Audible Has Sold a Million Harry Potter Audiobooks in the Past 4 Months

MW-CN812_harry__20140717152248_MGPottermore is beginning to reap the benefits of its decision to drop exclusive control of Harry Potter ebooks and audiobooks last year.

Marketwatch reports that Audible has sold over a million audiobooks since the Amazon sub first got the audiobooks last November:

That revenue may be pocket change next to that of the some half billion print and e-book copies of the series sold world-wide. But the milestone is remarkable given that the seventh and final book in the series was released nearly a decade ago.

The figure works out to an average of roughly 8,300 customers a day downloading the audiobooks and popping in their earbuds to magically transform humdrum train commutes into rides aboard the Hogwarts Express, leisurely jogs into a frantic escapes from Dementors, and the muggle chore of sweeping the kitchen floor into the Quidditch World Cup.

“Other titles have reached a million downloads, but this was certainly the quickest ever to reach the milestone,” said Andy Gaies, Audible’s chief content officer.

It's funny how going where the customers are can boost sales, isn't it?

Lowering the price probably also had an impact somehow. The audiobooks are still available through Pottermore, where they cost $30 (for the first three) and $45 (the last four) and can be downloaded as un-DRMed MP3 files, but you can find the first three audiobooks in the Harry Potter series on Audible for $21 each, and the last four for $31.49 each.

You can also get the audiobooks for one credit from an Audible subscription, which explains the high sales (credits cost between $6 and $15 depending on the sale). Audible subscribers account for 90% of the Harry Potter purchases, the company said.

And they'll probably account for an equally high share of sales of the 8th Harry Potter audiobook, should it ever be released.

While Harry Potter and the Cursed Child is a stage play, the script is also going to be released as an ebook. What with Audible's ongoing investment in original productions like Romeo and Jude, there's no way they will pass up the opportunity to take that script and turn it into a full-blown radio play style production, and then release it as an audiobook.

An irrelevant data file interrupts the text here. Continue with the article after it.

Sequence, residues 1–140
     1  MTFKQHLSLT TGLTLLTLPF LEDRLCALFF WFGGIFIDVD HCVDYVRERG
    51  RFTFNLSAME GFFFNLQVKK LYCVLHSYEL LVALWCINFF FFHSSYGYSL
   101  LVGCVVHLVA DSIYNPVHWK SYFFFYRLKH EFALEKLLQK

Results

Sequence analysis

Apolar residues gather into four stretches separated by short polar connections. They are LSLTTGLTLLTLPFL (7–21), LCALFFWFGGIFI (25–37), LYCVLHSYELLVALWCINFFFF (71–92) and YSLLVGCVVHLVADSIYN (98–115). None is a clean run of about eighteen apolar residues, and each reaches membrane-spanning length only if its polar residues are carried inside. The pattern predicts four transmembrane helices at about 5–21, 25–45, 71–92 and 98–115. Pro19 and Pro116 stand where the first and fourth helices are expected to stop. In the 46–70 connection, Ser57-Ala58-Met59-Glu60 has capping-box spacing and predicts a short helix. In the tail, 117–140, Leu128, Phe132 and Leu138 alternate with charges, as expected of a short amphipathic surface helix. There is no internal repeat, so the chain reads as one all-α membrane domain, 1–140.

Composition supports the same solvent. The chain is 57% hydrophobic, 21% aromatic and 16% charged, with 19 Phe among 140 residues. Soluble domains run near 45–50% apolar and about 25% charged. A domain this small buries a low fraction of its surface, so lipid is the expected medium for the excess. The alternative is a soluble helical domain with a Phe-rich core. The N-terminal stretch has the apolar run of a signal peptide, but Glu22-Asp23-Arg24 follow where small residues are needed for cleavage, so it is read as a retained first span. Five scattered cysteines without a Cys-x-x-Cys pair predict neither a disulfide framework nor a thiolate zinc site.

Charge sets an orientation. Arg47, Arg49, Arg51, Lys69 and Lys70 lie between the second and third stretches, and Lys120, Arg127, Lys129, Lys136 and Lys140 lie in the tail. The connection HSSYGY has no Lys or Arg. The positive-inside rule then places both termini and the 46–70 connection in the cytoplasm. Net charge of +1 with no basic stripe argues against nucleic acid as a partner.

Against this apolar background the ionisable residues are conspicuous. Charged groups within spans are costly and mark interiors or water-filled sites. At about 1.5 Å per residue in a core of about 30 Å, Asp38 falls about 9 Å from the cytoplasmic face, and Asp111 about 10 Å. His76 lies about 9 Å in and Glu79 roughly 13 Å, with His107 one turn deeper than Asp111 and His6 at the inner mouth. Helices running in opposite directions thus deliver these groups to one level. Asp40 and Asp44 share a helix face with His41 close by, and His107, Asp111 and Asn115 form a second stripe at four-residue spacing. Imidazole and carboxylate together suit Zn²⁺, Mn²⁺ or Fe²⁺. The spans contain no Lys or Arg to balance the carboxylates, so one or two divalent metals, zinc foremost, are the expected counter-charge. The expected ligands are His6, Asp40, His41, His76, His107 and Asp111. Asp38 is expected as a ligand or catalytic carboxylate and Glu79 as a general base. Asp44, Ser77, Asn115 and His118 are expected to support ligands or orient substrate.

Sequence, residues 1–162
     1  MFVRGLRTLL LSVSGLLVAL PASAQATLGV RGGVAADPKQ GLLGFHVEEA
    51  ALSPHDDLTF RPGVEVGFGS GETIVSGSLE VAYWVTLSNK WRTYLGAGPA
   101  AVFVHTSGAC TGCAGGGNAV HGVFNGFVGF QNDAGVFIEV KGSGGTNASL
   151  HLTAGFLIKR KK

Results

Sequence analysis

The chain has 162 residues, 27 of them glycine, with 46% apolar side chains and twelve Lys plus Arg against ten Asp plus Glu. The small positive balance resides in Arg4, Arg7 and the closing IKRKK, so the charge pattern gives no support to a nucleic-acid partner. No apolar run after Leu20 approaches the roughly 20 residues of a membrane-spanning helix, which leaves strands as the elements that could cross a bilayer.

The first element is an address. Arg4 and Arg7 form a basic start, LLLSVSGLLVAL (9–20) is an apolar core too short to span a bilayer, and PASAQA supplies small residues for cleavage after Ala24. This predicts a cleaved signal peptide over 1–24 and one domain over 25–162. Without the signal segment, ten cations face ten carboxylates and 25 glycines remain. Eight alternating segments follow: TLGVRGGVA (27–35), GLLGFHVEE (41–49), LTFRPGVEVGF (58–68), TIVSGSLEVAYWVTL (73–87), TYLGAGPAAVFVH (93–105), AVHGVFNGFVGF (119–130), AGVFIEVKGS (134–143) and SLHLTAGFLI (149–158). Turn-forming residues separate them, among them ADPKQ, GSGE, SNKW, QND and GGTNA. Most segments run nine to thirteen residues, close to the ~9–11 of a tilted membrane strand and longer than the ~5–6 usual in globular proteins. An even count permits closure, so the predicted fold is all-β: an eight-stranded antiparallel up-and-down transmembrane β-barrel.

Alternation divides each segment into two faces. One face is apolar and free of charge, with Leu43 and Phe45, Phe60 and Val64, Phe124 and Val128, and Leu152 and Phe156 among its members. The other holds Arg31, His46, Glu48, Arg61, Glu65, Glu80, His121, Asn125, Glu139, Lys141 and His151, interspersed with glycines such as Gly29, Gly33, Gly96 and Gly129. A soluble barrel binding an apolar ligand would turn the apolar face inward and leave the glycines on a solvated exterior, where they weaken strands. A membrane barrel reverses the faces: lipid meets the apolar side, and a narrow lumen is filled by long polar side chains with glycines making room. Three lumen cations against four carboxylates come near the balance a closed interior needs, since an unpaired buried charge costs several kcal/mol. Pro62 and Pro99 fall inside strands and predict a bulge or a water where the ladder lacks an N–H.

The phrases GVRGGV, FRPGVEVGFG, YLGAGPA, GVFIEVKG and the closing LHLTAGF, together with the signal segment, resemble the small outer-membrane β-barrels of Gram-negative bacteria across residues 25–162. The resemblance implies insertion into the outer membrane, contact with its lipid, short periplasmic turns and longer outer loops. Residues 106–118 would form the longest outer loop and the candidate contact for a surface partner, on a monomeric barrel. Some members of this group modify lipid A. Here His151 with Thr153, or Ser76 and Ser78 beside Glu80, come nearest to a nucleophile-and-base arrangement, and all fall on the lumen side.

The key to audiobooks outselling the related print editions is treating the audiobook as an original production, and Cursed Child could be the perfect poster child for that trend.


P.S. Speaking of Harry Potter, what do you think this site could mean?

About Nate Hoffelder (11466 Articles)
Nate Hoffelder is the founder and editor of The Digital Reader: "I've been into reading ebooks since forever, but I only got my first ereader in July 2007. Everything quickly spiraled out of control from there. Before I started this blog in January 2010 I covered ebooks, ebook readers, and digital publishing for about 2 years as a part of MobileRead Forums. It's a great community, and being a member is a joy. But I thought I could make something out of how I covered the news for MobileRead, so I started this blog."

5 Comments on Audible Has Sold a Million Harry Potter Audiobooks in the Past 4 Months

  1. As to your last question, wow, it would be brilliant to have Harry have and unknown sister. Great way to milk the franchise.

    Speaking of which, it seems like you’re implying that Pottermore was a mistake and it would have been better to have simply made Harry Potter available everywhere early on. That’s probably not correct. In addition to the money made by being exclusive (I understand Sony wrote her a big check), there might have been value in waiting until the markets, like the audio book market, matured. When you’re dealing with a huge, evergreen property like this, sometimes waiting to enter a market can be a good thing. Also, the timing of this, with the new ride at Universal in California, not to mention the new play, might pay off in ways beyond selling an audio book to established fans. It seems unlikely any money has been left on the table by Pottermore that can’t be picked up now.

    Plus, having her own market place probably gave her a lot of interesting data about her fans. So, while I’ve heard Pottermore wasn’t so amazing, it seems like it was a smart experiment.

    • Why would the girl have to be related to Harry?
      The way these things go, each generation gets their own Big Bad, so why not make her Neville’s orphan daughter? Do a different story for the newer generation. Maybe Harry and his kids have to take care of her and protect her from her own destiny.
      No milking that way, just moving the timeline along…

      (For that matter, what if the Girl that Lived is the cursed child?)

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